Pass my Parcel to click and cease trading

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Pass My Parcel, the service run by Smiths News, is to close their parcel service. They offered a unique alternative to other carriers with a collection service from local parcel shops around the country with prices for retailers as low as £2.25 ex VAT for a parcel weighing up to 2kg.

This will impact retail customers ranging from Amazon to ASOS, Amazon and French Connection as well as the many smaller online retailers that signed up to their service. It should be noted that much of Pass my Parcel’s business in the early days was as a returns service for national retailers who will now be looking at alternatives.

Sources cite two main reasons for the decision to close the service, after the company previously announced on the 1st of May in their interim results that they would look to re-engineer the Pass My Parcel proposition:

  1. Reduced confidence in their ability to increase the scale of the Pass My Parcel network and customer base in a way that would deliver a sustainable profit for the Group.
  2. The need to focus their energies on their core businesses, ensuring they continue to invest to support growth opportunities and rebuild profitability.

At the moment there has been no agreed date for Pass My Parcel to cease trading, but the direction has been confirmed by the Board and Smiths News will now be working towards an orderly wind down of the proposition.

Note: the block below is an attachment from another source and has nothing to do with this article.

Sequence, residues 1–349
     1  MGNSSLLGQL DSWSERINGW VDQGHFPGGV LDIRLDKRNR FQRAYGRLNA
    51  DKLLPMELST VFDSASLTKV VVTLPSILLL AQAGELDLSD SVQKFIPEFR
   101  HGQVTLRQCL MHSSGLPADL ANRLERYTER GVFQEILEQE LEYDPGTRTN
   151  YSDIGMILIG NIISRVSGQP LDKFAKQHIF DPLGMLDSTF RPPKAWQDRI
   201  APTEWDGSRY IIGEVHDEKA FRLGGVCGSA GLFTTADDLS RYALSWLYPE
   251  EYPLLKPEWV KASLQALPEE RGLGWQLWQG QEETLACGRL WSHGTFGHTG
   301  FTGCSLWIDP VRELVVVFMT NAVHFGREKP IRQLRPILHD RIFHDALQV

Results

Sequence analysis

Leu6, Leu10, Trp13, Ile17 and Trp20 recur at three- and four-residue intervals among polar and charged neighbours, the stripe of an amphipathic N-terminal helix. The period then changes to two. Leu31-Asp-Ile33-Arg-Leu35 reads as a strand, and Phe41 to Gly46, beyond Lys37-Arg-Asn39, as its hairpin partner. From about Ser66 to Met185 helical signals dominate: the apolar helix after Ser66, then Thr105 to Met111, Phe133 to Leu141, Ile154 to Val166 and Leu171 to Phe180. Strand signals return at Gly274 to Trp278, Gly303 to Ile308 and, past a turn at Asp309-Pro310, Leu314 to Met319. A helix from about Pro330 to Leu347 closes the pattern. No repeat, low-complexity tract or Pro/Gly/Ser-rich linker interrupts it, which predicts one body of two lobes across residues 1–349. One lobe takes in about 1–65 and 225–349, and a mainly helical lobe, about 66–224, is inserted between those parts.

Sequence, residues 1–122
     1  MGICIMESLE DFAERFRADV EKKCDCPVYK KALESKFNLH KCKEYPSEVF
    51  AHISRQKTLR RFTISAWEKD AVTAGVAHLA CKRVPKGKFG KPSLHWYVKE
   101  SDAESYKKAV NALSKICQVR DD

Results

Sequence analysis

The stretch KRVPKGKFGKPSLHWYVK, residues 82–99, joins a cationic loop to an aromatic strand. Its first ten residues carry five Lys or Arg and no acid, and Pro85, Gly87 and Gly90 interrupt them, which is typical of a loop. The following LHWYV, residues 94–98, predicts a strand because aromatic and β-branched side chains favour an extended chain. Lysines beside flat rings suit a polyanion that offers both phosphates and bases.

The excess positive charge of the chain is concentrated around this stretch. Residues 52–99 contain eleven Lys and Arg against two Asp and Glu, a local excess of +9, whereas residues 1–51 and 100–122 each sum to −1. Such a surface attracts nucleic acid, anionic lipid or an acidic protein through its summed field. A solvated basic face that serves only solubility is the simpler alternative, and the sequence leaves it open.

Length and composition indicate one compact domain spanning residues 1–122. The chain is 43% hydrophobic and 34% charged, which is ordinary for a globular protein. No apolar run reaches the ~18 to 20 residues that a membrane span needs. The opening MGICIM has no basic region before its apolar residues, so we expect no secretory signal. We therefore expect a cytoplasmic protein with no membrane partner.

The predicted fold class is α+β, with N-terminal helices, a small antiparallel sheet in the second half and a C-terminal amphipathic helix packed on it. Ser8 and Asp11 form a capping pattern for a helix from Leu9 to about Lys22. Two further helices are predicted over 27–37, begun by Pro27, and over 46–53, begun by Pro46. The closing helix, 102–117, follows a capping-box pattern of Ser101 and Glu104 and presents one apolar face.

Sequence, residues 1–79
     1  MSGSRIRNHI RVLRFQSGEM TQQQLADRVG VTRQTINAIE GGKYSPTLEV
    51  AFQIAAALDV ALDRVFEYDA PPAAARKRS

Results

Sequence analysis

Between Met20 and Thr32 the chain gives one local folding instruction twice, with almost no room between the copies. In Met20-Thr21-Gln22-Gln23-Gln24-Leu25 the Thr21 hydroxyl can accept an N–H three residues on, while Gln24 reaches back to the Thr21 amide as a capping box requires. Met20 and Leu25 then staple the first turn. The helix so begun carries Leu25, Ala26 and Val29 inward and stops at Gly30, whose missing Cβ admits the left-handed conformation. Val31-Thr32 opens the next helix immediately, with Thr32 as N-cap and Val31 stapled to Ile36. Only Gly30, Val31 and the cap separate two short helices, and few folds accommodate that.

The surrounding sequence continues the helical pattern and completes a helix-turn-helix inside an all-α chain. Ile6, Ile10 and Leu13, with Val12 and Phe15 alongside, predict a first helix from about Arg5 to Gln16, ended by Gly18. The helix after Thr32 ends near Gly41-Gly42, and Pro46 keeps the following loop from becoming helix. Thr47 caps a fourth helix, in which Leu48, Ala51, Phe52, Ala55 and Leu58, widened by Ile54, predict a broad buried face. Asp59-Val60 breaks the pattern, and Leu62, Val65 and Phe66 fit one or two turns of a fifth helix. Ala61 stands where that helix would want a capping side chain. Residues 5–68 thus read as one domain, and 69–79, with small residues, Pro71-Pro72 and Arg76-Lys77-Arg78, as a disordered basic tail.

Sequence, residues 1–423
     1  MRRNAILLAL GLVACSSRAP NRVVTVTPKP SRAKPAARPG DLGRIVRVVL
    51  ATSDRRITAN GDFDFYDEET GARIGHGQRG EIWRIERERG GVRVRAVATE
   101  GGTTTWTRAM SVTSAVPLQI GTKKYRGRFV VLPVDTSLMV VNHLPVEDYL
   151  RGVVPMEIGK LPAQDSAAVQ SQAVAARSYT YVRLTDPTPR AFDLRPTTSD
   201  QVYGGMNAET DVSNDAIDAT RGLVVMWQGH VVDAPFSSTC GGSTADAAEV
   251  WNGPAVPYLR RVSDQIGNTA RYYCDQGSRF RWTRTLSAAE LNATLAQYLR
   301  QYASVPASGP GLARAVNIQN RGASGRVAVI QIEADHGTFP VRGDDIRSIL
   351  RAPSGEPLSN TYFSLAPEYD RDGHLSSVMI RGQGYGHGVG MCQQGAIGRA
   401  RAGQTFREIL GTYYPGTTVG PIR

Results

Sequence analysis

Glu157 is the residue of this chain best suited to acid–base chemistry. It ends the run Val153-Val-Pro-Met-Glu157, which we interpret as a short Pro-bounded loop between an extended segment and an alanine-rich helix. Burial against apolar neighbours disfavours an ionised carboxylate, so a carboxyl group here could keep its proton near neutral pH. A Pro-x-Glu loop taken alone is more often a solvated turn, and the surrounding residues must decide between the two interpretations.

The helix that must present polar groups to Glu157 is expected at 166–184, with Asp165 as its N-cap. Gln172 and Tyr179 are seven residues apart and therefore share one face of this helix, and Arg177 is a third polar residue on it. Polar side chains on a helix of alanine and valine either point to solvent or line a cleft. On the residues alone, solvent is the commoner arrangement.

Sadly, but inevitably, this is likely to impact some of the Smiths News employees although numbers affected are unknown. There will also be an impact on the parcel shop network, many of whom we know see significant incremental business from shoppers collecting or dropping off parcels.

This is more an indication of the state of the parcels business as a whole than a reflection on Smiths News. If the UK’s largest newspaper and magazine wholesale distributor can’t tack a parcels business onto an existing distribution network with some 3,500 parcel shops it highlights the difficulties for other operators. Smiths News already have vans delivering to these shops twice a day so the incremental cost to collect returns and deliver sends should by minimal but making a profitable business has been elusive.

The industry needs to look at the wider picture and ask just how much consumers are willing and able to pay for deliveries and where the profits in the industry are going. Are the nations carriers able to charge a high enough price to enable them to scale, or is the business of passing parcels around the country operating on such razor thin margins that only the very largest will survive?



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